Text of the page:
People Suffering from Chronically Itchy Skin Are Associated with Depression and Stress

Chronically itchy skin has now been linked to mental issues such as depression, anxiety, and stress. Itchy skin is a widespread symptom in patients suffering from skin diseases, and a new cross-sectional study is now showing the psychological burden that it can take on those suffering from the condition.

The study published in the Journal of Investigative Dermatology reported that the presence of itch in dermatological patients was significantly associated with clinical depression, suicidal ideation, and stress. Chronically itchy skin is associated with several skin diseases such as hand eczema, psoriasis, nodular prurigo, and hidradenitis suppurativa.


“There are already studies showing evidence of a correlation between itch and mental health problems in general, and in specific skin disorders, but there is a lack of a cross-sectional study across chronic skin diseases,” explained lead investigator Florence J. Dalgard.

For this study, researchers collected data from dermatologists in 13 European countries. It included 3,530 patients with skin diseases that were compared with more than 1,000 healthy controls. As part of the study, patients were required to complete questionnaires and were also examined clinically. Researchers measured the presence, chronicity, and intensity of itch, sociodemographic, suicidal ideation, and stress, including adverse life events and economic difficulties.

Chronic itch in the dermatological conditions was present in nearly 90 percent of patients who had prurigo and related conditions, 86 percent in atopic dermatitis, 82 percent in hand eczema, 78 percent in other eczema, 76 percent in urticarial, and 7 percent in psoriasis.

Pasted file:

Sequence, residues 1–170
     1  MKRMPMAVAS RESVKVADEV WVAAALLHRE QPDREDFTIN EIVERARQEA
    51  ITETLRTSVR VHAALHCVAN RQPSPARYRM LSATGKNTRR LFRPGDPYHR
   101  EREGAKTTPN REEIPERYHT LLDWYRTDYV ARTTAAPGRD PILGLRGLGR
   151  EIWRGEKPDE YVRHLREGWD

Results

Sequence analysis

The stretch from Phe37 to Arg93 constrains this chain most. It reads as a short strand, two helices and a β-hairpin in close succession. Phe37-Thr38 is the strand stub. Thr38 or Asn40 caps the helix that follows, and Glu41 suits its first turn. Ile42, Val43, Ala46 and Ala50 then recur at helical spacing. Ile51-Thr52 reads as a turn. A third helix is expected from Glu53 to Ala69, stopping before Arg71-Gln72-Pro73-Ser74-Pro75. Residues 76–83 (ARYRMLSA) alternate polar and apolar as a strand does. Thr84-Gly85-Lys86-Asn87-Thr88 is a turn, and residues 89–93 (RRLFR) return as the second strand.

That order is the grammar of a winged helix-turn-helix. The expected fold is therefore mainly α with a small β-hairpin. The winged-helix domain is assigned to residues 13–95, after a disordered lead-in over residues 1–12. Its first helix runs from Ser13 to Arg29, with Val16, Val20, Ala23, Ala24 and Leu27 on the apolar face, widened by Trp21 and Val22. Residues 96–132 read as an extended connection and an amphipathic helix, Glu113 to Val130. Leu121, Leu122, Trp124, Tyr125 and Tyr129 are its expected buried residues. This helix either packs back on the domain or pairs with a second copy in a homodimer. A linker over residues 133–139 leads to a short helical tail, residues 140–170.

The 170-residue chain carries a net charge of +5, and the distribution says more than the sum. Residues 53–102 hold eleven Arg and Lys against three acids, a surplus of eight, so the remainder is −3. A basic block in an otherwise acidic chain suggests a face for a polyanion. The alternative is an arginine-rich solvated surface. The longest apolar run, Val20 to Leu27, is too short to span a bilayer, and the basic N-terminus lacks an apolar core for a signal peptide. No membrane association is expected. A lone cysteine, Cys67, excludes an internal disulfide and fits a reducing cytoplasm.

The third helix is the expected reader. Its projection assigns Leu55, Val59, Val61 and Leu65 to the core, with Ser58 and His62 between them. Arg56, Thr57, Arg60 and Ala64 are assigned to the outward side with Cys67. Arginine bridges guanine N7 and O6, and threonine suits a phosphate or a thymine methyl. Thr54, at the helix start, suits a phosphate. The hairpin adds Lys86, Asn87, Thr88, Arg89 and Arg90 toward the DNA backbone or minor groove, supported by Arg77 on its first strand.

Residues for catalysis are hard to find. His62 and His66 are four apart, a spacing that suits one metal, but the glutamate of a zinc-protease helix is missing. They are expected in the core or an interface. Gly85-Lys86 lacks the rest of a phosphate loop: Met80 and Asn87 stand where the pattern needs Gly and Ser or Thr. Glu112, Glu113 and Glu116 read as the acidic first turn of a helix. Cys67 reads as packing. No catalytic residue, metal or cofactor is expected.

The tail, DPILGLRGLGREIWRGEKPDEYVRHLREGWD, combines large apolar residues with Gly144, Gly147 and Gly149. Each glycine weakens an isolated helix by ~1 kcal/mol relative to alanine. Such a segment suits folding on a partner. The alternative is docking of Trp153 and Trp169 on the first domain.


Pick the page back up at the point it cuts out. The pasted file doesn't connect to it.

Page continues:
Suicidal Thoughts

The study showed that the prevalence of depression was 14 percent in patients with itch compared to 5.7 percent in patients without itch. Suicidal thoughts were recorded in 15.7 percent of patients with itch, nine percent in patients without itch, 18.6 percent in controls with itch, and 8.6 percent in controls without itch. The study also noted that the occurrence of stressful life events was higher in individuals with itch than those without itch. Patients with itch were also more likely to experience more economic problems.

Dr. Dalgard explained, “Our research shows that itch has a high impact on quality of life. This study illustrates the burden of the symptom of itch and its multidimensional aspect. The management of patients with itch should involve access to a multidisciplinary team when necessary, as is already the case in several European countries.”

The conclusion of the study also recommended preventative measures such as psoriasis education programs or targeted web-based information. Routine care should be taken including topical creams to soothe chronic itch, and health care professionals should also help patients find the source of the skin disease. On many occasions, patients have found relief by changing lifestyle habits or diet.

Author Bio

About eight years ago, Mat Lecompte had an epiphany. He’d been ignoring his health and suddenly realized he needed to do something about it. Since then, through hard work, determination and plenty of education, he has transformed his life. He’s changed his body composition by learning the ins and outs of nutrition, exercise, and fitness and wants to share his knowledge with you. Starting as a journalist over 10 years ago, Mat has not only honed his belief system and approach with practical experience, but he has also worked closely with nutritionists, dieticians, athletes, and fitness professionals. He embraces natural healing methods and believes that diet, exercise and willpower are the foundation of a healthy, happy, and drug-free existence.